50 years, half a century, is perhaps a good time end.
While there may be other memorials held in the future, the original organisers do not intend to arrange another.
We feel that closure has been achieved, as far as it can be with an accident like
Its been a fascinating journey, harrowing, yet enlightening,. The tale of courage, sadness, integrity and resilience in the face of overwhelming adversity while the story of the last flight slowly emerged from the haze that obscured actions of an Aviation Ministry and Airline who perhaps had much to gain by blaming the Captain and hoping the matter would soon be forgotten. Some parts of the story may never be told in full and perhaps it would serve no useful purpose after so many years, but it has been a great privilege to be able to look again at the circumstances and reach the decision, albeit from an amateur viewpoint, that the Captain was unjustly blamed .
It just remains for me to thank everyone who has contributed to the creation of a physical memorial on St Boniface Down, especially all the relatives and survivors, the huge contribution from Mike & Wendy Durant, Bill Woolstencroft in Canada, Roger Bunney who has shared the work but not the credit, and of course my long suffering wife, Gill, without whom this project would never have got off the ground.
While we will continue to maintain and update the website as new and relevant information comes to light and as always welcome any comments, memories of photographs, it is time to let that awful day recede into history. It has been a huge privilege to be involved with the memorial and to meet and correspond with everyone who has been associated with it. Hopefully that will long continue, but the physical aspect of an onsite memorial has reached its natural conclusion.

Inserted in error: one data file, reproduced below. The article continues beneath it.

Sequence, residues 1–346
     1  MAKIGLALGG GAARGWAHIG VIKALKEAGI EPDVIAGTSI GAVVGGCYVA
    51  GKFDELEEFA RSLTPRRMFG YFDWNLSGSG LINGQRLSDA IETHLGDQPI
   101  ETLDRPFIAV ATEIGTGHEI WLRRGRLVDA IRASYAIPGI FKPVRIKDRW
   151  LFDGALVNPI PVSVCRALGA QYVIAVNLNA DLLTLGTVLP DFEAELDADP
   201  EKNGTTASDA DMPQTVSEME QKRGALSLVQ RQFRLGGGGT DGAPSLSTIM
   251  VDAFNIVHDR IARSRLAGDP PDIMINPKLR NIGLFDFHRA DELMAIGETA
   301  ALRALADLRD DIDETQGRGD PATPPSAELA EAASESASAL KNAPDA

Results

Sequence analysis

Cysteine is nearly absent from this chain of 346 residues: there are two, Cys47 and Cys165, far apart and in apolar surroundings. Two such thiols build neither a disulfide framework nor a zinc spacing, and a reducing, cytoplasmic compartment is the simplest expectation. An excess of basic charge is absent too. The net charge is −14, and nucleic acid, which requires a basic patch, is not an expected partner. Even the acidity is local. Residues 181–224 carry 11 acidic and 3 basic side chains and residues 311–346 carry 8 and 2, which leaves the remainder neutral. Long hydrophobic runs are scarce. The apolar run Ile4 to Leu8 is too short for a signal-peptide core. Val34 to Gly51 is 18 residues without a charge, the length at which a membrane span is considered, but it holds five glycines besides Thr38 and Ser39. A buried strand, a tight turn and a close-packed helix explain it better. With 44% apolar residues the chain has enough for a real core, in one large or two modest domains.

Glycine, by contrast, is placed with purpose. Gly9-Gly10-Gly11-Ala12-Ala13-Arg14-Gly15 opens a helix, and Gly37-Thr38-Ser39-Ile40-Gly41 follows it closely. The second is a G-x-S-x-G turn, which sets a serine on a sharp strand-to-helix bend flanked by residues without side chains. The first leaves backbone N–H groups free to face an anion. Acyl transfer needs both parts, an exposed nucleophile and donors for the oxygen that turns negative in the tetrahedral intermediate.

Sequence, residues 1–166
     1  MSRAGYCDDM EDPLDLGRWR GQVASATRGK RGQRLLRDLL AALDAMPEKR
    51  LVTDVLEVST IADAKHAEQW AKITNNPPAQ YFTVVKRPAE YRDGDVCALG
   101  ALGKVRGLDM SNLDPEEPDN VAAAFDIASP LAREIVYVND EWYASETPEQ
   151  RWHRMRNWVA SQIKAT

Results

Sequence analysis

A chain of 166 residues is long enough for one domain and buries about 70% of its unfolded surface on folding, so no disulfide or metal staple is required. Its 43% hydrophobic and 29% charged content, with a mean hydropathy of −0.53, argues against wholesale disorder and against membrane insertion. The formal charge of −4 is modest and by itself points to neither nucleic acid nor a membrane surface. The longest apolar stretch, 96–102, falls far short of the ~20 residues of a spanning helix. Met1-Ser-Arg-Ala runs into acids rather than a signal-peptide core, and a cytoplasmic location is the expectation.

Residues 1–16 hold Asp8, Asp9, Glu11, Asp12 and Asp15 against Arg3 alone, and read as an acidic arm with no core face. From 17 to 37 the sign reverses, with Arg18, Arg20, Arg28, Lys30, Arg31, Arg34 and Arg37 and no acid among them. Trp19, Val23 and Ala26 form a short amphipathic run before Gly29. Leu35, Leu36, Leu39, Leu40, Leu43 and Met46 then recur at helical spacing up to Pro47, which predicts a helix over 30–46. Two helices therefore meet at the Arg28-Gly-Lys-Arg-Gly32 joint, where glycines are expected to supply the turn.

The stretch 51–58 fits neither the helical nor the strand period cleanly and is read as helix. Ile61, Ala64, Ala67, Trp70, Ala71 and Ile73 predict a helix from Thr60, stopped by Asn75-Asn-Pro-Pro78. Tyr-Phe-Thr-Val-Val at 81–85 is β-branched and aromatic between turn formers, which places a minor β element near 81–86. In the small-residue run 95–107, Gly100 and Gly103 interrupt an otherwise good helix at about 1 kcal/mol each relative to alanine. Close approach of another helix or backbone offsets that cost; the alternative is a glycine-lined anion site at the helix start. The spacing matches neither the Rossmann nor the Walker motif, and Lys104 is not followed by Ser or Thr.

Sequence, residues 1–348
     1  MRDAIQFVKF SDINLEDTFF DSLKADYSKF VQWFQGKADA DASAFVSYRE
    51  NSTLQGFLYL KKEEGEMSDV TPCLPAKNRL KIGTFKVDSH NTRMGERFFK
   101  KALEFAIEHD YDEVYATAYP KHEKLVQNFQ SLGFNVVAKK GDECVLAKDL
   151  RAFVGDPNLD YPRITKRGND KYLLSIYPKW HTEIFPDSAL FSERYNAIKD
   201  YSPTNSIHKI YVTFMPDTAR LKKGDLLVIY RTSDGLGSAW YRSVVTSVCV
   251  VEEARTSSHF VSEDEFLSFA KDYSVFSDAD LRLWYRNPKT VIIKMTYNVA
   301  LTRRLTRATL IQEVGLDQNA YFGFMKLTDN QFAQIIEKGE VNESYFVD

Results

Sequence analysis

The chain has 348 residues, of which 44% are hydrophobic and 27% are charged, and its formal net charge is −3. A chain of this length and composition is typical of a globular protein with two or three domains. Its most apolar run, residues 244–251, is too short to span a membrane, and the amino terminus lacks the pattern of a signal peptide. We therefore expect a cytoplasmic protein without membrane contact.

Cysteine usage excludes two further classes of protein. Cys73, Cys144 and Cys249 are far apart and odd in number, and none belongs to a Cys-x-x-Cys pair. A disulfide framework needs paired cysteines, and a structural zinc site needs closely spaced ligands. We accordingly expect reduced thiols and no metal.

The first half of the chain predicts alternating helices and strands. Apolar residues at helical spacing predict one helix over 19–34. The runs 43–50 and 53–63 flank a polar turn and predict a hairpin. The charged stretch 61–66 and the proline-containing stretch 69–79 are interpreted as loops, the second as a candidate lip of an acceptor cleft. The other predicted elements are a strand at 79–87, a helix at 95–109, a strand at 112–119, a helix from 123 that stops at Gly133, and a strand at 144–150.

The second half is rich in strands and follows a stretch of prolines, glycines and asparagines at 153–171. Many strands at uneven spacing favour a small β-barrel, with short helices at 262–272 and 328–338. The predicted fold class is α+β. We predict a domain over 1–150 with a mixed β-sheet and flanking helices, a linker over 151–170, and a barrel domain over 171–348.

The plinth belongs to the National Trust who look after it on a day to day basis and without their help none of this could have been achieved. It gives a great sense of achievement to see walkers and visitors pause and read the plaque and then reflect for a moment on what happened all those years ago.
Those involved will not be forgotten as the years pass, and while sadness may be dulled by time, their memory will remain bright on that lovely hillside with the wind in the gorse and the blue water of the English Channel as far as the eye can see.
I wish you all a safe onward flight.
Almost 40 people turned out to pay their respects, including relatives of two of the crew, the family of the rescuer, the late Ted Price, and one of the ambulance drivers who ferried the injured to hospital. Many people made great efforts to get to the 50th memorial.
It was an extremely moving but simple service conducted by Father 'PJ' with contributions by close relatives and flowers from as far away as Canada and Jersey. The names of all those on the plane were read out and prayers said for everyone involved. A silence was held for all those present to reflect and we all paused again at 2.29 pm to remember, exactly 50 years after the accident.
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